Last night I went to Watford. There was a good reason – an old friend of mine from college days was doing a one-woman play at the Watford Palace Theatre. Getting into Watford is like driving into Solaris, a one-way spiral to concrete hell. The Palace car park is a triumph of function over design, lowering across the town centre like a premonition of the world's end. I had to do the circuit at least twice to get into it.
Once I was in the theatre, things brightened up a lot – the Palace is a cheerful Edwardian theatre covered in gilt and red velvet, with comfortably bulging balconies. There I sat with my plastic glass of beer, resplendently alone on my night out, waiting to see my lovely friend perform.
Fourteen is a kind of cross between The Diary of Adrian Mole and Kindertransport. It's about a girl with brilliant academic promise growing up in Watford in 1984. She is an only child, and her parents seem to fight a lot. We see her upstairs in her bedroom, chatting to us as though we were the pages of her diary, trying to make sense of sex, scholarship and shouting.
The second act of the play is set in the same town in 2014, and brings us bang up to date. The girl is now a woman. She is a cleaner, bitching endlessly and enviously about her clients, who seem incompetent, patronising and pointlessly wealthy. She has a daughter, on whom she dotes. She constantly helps the girl with her homework. Something has gone very wrong. Why is she 'only' a cleaner, taking cash in hand and signing on at the same time? What has happened to her promise?
As the monologue goes on, we begin to grasp the grim tragedy underlying her change in fortunes. She is stoical and proud, will not accept defeat even though she can see for herself the crashing fall in the status she seemed to be heading for. The ending is bittersweet – it is undecidable whether we should pity or celebrate her.
Yasmin Wilde was just fabulous in the role — to be forty and play fourteen, that's quite something. Her hair in bunches, wearing school uniform, sitting cross-legged on the floor, it could all have been so Daisy Pulls it Off, but it wasn't. Instead, I had that strange confusion you get when you watch people you know acting – which bit is her, and which bit is put on? The writing was so naturalistic that at times Yas didn't seem to be acting at all… but of course that's why she was so good.
Afterwards I hovered about waiting to congratulate her. A couple of people seemed to be waiting as well, but I was too shy to go up to them. When Yas emerged, I realised it was another college acquaintance, together with Yas's husband, whom I'd never met. We repaired to the Watford Wetherspoons, giggling over diet coke and crisps at a high table, as they got the karaoke ready at the far end. The place was full, nothing else was open.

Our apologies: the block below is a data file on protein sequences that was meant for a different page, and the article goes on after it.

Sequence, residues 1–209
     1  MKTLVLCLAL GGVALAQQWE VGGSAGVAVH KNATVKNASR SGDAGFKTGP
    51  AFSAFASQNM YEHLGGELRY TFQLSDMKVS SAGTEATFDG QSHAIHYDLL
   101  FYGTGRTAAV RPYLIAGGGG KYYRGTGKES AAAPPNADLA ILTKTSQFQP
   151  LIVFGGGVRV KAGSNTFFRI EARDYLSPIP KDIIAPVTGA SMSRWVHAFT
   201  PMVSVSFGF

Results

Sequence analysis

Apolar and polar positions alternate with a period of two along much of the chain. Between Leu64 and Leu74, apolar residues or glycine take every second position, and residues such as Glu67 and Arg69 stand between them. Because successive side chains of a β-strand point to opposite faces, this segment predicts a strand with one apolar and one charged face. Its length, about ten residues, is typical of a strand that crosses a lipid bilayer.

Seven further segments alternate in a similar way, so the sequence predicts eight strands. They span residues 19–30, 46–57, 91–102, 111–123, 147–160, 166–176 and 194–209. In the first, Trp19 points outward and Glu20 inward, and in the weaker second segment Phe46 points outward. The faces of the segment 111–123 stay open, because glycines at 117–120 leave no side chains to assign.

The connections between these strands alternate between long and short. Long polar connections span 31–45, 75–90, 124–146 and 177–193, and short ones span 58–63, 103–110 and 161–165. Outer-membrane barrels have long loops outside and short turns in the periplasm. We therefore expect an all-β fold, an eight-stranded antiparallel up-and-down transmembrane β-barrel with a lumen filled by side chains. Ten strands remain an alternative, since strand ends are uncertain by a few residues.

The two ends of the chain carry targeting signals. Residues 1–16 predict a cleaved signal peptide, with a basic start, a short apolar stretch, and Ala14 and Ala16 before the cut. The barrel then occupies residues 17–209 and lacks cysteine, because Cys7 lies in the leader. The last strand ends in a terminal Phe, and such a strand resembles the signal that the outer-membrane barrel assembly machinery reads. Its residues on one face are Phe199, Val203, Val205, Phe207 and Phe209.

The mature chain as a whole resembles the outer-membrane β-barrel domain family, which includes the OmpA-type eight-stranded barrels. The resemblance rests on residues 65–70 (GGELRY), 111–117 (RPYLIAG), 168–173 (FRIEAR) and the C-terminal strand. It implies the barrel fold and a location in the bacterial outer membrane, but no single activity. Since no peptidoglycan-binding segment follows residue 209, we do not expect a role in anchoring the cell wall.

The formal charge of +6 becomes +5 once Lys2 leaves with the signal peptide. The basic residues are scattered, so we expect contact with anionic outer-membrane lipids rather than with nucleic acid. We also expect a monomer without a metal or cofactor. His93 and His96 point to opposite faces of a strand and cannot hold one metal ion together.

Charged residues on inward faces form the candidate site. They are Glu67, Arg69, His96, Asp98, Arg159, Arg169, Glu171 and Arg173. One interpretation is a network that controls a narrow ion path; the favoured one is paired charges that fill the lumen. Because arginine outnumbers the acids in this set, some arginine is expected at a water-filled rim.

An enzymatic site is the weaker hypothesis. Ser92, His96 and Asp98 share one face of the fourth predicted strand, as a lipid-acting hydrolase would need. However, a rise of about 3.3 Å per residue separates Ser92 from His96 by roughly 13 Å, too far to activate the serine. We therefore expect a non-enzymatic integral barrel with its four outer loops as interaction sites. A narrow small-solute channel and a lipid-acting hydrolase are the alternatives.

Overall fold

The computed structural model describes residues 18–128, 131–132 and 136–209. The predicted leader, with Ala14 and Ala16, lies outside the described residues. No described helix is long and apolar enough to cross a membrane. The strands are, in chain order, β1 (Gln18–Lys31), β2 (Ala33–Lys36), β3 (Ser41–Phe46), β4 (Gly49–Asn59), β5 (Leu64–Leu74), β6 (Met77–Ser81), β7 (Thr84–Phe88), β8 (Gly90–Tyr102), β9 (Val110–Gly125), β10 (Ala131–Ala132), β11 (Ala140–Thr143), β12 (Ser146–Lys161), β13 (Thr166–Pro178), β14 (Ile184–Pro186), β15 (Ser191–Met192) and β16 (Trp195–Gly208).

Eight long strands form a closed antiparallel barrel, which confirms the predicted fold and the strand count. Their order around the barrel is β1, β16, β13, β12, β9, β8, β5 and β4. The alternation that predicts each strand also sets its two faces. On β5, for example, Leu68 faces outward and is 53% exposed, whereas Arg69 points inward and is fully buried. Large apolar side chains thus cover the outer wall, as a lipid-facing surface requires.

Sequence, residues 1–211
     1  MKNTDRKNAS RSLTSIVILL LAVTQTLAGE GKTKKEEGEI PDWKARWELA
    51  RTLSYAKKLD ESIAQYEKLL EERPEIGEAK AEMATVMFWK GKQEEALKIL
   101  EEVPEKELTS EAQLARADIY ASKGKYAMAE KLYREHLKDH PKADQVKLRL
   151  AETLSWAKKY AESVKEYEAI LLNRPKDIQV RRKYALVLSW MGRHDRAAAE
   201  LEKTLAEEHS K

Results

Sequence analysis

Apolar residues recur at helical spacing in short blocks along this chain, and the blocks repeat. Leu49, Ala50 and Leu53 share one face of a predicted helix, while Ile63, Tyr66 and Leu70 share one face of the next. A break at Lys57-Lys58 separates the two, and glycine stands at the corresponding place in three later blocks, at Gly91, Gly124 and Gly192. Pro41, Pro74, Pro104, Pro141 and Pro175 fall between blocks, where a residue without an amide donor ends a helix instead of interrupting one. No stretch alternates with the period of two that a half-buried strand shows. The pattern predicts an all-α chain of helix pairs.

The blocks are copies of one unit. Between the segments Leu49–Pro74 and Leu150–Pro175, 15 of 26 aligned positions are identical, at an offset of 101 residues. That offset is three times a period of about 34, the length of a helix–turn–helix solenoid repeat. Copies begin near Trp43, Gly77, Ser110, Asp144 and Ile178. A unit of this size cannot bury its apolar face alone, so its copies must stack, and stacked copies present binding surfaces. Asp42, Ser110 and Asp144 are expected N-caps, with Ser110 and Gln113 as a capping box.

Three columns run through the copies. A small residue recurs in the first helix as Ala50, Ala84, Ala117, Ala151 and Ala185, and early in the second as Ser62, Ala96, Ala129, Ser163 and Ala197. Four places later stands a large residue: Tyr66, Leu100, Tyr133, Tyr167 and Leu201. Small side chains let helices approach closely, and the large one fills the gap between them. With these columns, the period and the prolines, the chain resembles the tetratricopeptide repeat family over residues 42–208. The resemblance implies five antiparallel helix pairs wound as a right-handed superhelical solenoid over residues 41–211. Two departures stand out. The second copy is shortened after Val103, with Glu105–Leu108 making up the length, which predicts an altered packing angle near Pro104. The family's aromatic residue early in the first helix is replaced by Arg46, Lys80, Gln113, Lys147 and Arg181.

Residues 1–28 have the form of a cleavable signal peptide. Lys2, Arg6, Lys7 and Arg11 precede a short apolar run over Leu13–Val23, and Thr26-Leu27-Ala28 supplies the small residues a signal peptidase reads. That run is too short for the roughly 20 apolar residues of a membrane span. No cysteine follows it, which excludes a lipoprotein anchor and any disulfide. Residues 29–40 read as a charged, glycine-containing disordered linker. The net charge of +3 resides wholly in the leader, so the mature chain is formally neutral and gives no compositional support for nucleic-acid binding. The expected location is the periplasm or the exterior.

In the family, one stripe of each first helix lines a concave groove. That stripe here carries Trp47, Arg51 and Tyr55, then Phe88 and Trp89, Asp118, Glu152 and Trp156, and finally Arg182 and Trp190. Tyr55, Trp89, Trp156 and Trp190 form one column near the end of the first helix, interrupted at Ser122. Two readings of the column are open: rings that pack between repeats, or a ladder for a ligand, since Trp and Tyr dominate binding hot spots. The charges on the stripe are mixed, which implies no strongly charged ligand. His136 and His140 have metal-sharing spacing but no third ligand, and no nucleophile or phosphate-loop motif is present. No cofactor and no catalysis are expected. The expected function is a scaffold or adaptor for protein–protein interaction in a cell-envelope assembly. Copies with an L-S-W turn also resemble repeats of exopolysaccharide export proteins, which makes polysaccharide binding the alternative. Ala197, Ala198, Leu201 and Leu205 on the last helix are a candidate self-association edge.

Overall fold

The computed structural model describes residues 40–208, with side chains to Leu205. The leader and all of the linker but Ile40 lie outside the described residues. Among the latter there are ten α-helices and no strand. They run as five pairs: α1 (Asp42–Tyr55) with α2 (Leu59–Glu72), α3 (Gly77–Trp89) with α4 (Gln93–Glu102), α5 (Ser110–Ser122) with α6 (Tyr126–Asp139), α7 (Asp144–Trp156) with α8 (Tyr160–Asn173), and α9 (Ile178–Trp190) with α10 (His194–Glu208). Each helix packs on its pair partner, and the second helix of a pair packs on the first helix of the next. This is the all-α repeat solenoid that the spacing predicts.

What had punched me in the gut during Yas's performance was the mother-daughter relationship in the second act – although the show is a one-woman play, and we never meet the daughter, herself now turning fourteen, we feel her presence throughout Act 2. The daughter is ashamed of her mother's lowly status, despite all her hard, hard work to raise her well. She is angry when she discovers that her mother does not have a 'proper' job, but signs on – and has deceived her about it. She does not understand. The daughter's shame infects the mother, until she too is ashamed of herself. It was brutal to watch. Is this what I have in store? My daughter's disappointment in me?
We sat there in Watford Wetherspoons: Yas, a fantastic actress, now with children; her friend, also a brilliant actress, now with children; me, a one-time academic, with children; and Yas's husband, a lawyer. With a wife and children.
The three women discussed how gruelling it is to sustain an artistic career after children, the unworkable economics, childcare letdowns, time away, the guilt and unhelpful attitudes – art, apparently, is not 'real' work (except to those who do it). We understood that the men we knew, all those men at college with us, had, somehow, not had these impediments and interruptions (even if they had had children).
We all identified both with the cleaner mother, and with her rich clients. We had all been educated to expect to be successful: economically, in career terms, in our relationships. And be successful as a result of our own very hard work. At 18-21, we had it all. Ahead of us. Yet in our mid-forties, our creative aspirations, which had not been dreams but worked-for realities during our twenties and thirties, were compromised by starting families, and finding out the hard way that there is no support for mothers.
As we walked into the empty, fluorescent-lit car park, I fumbled to say something about this. Yas's friend looked me directly in the eye and said, "Yes, I know. It took me about twenty years to accept it was OK to be ordinary". We got into our cars, and drove out of the multi-storey car park into the night.
It's not OK.
Never give up.